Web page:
Even during the campaign, Schwarzenegger surrounded himself with both political and policy advisors from Wilson’s regime. Former Wilson Chief of Staff Bob White appeared to be running Schwarzenegger’s campaign and his day-to-day transition operation. White’s ex-assistant Patricia Clarey is the new governor’s selection for chief of staff.
This is only logical because these folks represent the moderate Republican establishment in the state. But it is instructive as well, because, recall aside, Wilson took office under somewhat similar circumstances. He was a moderate Republican with many Democratic friends, and he was quickly faced with a huge budget deficit. What Wilson did more than a decade ago might be a good indication of what Schwarzenegger will do. Indeed, on conservation issues, the only person on Schwarzenegger’s 65-member transition committee with background in that field is former U.S. Environmental Protection Administration chief William Reilly – an old Wilson crony.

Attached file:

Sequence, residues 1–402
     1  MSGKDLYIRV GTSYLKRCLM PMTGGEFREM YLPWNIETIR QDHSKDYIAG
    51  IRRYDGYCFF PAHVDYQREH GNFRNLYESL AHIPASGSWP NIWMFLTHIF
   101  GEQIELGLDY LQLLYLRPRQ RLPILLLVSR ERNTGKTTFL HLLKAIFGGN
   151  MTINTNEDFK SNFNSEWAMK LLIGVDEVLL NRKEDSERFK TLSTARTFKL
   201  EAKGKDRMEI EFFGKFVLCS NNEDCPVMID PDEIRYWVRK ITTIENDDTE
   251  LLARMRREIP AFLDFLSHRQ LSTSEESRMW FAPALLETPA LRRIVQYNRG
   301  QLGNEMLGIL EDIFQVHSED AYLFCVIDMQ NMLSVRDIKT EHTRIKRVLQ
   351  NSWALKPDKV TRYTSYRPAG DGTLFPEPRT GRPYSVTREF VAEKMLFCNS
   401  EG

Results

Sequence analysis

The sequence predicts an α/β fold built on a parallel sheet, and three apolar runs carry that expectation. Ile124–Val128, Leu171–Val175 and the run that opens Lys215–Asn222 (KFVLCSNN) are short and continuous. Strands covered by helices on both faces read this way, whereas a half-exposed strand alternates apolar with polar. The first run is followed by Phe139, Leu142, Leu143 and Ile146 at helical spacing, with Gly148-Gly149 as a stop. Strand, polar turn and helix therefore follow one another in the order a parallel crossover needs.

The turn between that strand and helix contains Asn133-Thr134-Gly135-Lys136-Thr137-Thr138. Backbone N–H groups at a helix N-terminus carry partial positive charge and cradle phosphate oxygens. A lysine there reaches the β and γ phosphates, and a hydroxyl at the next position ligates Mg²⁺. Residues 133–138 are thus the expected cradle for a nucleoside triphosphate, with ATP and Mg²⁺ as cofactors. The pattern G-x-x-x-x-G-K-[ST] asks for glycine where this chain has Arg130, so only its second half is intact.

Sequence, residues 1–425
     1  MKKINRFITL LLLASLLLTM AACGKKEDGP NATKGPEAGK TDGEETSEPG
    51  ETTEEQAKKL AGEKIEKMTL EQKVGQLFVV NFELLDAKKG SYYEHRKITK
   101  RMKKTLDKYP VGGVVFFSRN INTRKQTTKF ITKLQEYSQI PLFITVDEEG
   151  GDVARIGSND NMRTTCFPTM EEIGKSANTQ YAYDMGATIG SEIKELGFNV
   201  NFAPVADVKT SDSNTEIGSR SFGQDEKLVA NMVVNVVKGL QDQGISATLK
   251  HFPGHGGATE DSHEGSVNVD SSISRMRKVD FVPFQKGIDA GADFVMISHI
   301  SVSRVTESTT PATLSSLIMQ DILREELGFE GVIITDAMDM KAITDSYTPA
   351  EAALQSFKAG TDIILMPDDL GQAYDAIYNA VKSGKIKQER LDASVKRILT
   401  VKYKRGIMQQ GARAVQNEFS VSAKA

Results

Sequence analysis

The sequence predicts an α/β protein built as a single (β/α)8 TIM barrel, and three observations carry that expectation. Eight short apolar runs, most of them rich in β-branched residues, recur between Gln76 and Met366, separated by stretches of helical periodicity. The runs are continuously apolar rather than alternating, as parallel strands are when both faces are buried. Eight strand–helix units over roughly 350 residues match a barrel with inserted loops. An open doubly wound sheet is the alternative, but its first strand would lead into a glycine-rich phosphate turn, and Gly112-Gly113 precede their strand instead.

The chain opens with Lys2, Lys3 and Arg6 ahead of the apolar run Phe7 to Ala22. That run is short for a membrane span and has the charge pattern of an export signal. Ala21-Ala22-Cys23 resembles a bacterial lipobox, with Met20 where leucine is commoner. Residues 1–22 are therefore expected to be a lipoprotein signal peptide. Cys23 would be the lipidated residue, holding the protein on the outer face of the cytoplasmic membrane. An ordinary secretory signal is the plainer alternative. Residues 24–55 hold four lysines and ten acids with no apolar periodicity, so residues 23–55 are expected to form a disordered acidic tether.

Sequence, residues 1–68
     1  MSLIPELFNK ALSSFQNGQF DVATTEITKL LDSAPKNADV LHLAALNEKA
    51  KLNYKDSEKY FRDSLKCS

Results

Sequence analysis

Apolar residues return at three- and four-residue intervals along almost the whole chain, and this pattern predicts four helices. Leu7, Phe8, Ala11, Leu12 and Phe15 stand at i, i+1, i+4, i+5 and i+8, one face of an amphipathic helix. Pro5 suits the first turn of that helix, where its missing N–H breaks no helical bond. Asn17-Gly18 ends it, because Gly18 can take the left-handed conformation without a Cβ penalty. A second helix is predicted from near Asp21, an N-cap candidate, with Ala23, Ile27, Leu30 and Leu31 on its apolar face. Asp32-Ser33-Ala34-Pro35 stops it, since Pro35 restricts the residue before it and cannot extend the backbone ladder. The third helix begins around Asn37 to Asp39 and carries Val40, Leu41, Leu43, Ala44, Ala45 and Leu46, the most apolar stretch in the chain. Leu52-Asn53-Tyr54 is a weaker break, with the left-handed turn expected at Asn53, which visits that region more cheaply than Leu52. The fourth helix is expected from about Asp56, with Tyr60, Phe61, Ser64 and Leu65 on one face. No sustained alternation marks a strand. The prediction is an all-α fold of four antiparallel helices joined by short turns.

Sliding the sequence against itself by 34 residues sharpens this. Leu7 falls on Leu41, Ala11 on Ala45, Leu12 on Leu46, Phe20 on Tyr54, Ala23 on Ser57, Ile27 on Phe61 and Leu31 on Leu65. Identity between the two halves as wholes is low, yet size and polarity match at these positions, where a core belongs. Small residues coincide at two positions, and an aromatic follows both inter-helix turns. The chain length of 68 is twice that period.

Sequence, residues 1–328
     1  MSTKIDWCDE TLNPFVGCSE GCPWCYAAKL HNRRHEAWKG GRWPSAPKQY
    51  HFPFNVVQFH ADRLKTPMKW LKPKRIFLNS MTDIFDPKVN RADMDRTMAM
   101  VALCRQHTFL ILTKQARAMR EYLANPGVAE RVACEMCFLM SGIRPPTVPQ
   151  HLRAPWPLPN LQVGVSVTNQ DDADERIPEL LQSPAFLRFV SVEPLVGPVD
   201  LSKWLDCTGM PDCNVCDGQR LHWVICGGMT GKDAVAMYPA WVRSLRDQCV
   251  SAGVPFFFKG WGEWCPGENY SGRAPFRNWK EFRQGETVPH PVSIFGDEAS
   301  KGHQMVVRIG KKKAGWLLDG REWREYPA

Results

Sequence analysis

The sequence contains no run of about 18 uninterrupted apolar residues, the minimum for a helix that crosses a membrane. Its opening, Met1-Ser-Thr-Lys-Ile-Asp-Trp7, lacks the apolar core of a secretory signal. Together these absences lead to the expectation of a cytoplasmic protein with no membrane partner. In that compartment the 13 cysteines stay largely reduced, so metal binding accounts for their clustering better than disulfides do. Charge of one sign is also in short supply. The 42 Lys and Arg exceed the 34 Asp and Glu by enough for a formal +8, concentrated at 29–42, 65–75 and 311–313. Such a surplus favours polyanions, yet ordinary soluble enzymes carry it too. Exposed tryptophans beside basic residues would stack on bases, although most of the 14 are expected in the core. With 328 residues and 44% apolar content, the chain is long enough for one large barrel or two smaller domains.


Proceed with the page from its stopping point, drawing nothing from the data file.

Essentially, Wilson responded to the crisis by becoming a much more conservative Republican. In order to balance the budget, he needed to raise taxes. And as a Republican, he could not raise taxes without the support of the hard-right Republicans in the Legislature. To court them, he became a “caveman” himself. He stopped appointing Democrats; he cut spending severely; and he became a social, as well as fiscal, conservative – taking a hard line on immigration, for example.
Schwarzenegger’s star power might give him more leverage over the Legislature than Wilson had. And he does keep threatening to “take it to the voters” if the Legislature does not give him what he needs. But if he is surrounded by Wilson veterans, he may take the pragmatic Wilson line. Instead of being the Terminator, he might be cautious and extremely sensitive to the political winds.
But there is no guarantee that Arnold Schwarzenegger is just warmed-over Pete Wilson because Schwarzenegger also comes with the Hollywood-Kennedy connection. Especially on environmental issues, these connections might put him farther to the left than anybody thinks. And that could make the Schwarzenegger years pretty interesting for planning and development.